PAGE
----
TRAILER PARK TUMBLE: A Steller’s jay nestling fell from its nest in the trailer park at Cranberry Lake. Its parents were upset and frantic with the situation.
Powell River Orphaned Wildlife Society was quickly called and arrived to scoop up the cold nestling, which soon settled into a nest at PROWLS.
Two days later, one of its siblings also took a tumble and ended up 20 meters from where the first was picked up. After having a few substantial meals and sitting on a heating pad, they began taking in their new surroundings.
Jays are very curious, and these two enjoyed sitting by the window looking out.
Within 10 days, one was ready for release, flying and picking up its own food. Back home, it was a little less certain but finally flew off, hopeful its family was nearby. Settling into a nearby tree, it immediately started to munch, which indicated comfort.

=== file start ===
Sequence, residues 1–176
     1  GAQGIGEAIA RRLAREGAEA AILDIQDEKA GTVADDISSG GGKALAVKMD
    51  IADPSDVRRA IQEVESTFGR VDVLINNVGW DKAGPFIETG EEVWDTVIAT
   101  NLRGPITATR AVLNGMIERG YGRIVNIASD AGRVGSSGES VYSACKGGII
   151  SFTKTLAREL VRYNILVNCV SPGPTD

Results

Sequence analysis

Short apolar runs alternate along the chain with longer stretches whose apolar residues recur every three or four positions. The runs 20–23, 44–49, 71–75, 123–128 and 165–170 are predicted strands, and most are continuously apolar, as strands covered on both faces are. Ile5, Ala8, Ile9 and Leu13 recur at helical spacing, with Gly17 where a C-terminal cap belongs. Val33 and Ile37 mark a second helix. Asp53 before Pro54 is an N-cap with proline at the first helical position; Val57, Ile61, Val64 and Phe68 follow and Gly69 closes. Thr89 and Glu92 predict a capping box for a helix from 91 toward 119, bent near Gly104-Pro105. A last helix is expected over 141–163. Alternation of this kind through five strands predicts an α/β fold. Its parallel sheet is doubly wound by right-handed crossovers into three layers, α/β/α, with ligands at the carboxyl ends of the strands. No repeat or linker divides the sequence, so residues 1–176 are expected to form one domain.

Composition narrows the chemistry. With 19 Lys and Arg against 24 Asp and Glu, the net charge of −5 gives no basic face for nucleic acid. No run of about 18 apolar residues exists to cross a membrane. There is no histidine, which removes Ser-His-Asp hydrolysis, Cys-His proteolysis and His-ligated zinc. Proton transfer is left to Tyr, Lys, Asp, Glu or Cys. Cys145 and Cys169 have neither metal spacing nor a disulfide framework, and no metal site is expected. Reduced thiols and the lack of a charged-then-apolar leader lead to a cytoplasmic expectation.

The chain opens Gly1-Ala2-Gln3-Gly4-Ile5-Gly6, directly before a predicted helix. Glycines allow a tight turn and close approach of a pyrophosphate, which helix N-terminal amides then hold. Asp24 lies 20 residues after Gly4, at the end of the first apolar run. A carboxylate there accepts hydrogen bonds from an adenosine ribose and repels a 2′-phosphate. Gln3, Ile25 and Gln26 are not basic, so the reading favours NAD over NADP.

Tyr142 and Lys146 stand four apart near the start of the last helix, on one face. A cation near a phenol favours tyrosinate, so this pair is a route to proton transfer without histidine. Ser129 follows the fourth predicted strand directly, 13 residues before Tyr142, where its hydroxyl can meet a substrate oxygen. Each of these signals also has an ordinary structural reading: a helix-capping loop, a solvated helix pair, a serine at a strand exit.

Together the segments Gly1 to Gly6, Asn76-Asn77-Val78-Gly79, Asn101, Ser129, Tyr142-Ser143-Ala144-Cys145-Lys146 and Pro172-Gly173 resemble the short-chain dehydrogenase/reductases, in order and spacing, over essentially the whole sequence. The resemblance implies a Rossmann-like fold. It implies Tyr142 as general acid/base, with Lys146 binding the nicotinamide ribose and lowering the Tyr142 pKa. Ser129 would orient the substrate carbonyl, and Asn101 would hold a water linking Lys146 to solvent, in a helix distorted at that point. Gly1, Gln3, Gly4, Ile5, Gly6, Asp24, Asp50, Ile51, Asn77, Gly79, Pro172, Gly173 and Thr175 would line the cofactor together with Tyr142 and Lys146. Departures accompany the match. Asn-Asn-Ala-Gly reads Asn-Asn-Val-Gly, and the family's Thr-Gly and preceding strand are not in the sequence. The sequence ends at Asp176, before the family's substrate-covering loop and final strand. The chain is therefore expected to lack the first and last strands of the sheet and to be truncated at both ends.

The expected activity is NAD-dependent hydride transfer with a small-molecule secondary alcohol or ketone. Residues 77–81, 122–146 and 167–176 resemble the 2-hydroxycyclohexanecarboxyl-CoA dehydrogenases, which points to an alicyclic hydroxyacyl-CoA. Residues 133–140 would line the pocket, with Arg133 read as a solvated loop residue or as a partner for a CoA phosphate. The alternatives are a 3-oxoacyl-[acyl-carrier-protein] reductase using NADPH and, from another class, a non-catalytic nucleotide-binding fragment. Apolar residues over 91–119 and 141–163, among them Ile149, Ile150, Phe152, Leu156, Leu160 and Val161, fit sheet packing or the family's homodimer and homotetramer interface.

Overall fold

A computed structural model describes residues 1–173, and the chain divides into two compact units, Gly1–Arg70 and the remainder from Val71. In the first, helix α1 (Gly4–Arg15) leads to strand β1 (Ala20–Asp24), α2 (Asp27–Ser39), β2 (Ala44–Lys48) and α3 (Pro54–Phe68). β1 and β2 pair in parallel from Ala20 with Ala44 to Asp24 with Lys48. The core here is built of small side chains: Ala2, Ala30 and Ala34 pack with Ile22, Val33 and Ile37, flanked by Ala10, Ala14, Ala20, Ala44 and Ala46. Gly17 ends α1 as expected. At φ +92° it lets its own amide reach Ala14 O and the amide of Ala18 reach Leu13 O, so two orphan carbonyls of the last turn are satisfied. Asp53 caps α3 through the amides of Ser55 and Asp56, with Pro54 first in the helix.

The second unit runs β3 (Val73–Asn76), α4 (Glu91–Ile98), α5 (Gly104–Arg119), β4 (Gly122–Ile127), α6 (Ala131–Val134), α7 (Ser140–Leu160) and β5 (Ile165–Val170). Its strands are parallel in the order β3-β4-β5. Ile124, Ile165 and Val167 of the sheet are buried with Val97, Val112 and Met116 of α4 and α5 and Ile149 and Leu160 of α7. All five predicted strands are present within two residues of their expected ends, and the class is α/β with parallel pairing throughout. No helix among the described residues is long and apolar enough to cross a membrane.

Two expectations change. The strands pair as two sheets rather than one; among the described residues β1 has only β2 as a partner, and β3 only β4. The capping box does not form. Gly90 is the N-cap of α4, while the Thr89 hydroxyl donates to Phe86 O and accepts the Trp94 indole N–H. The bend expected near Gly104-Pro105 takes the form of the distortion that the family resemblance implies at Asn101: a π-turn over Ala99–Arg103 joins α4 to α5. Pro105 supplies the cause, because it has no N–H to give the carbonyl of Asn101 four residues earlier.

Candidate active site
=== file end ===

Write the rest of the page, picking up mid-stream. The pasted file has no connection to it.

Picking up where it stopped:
Sadly, the sibling didn’t recover from its initial chill and weakness.
Steller’s jays have an incredible spatial memory, which allows them to store surplus food in caches. With large nuts such as acorns, peanuts and hazelnuts, they carry several at a time in their mouth and throat, then bury them one by one as a winter food store.
Definitely opportunists, they will look for handouts from people and unattended picnic items. They are very social and talkative, travelling in groups.
Sometimes playing with or chasing each other, or joining mixed-species flocks, they often keep up a running commentary on events with a wide range of calls.
A permanent resident in our region, they are the provincial bird of BC.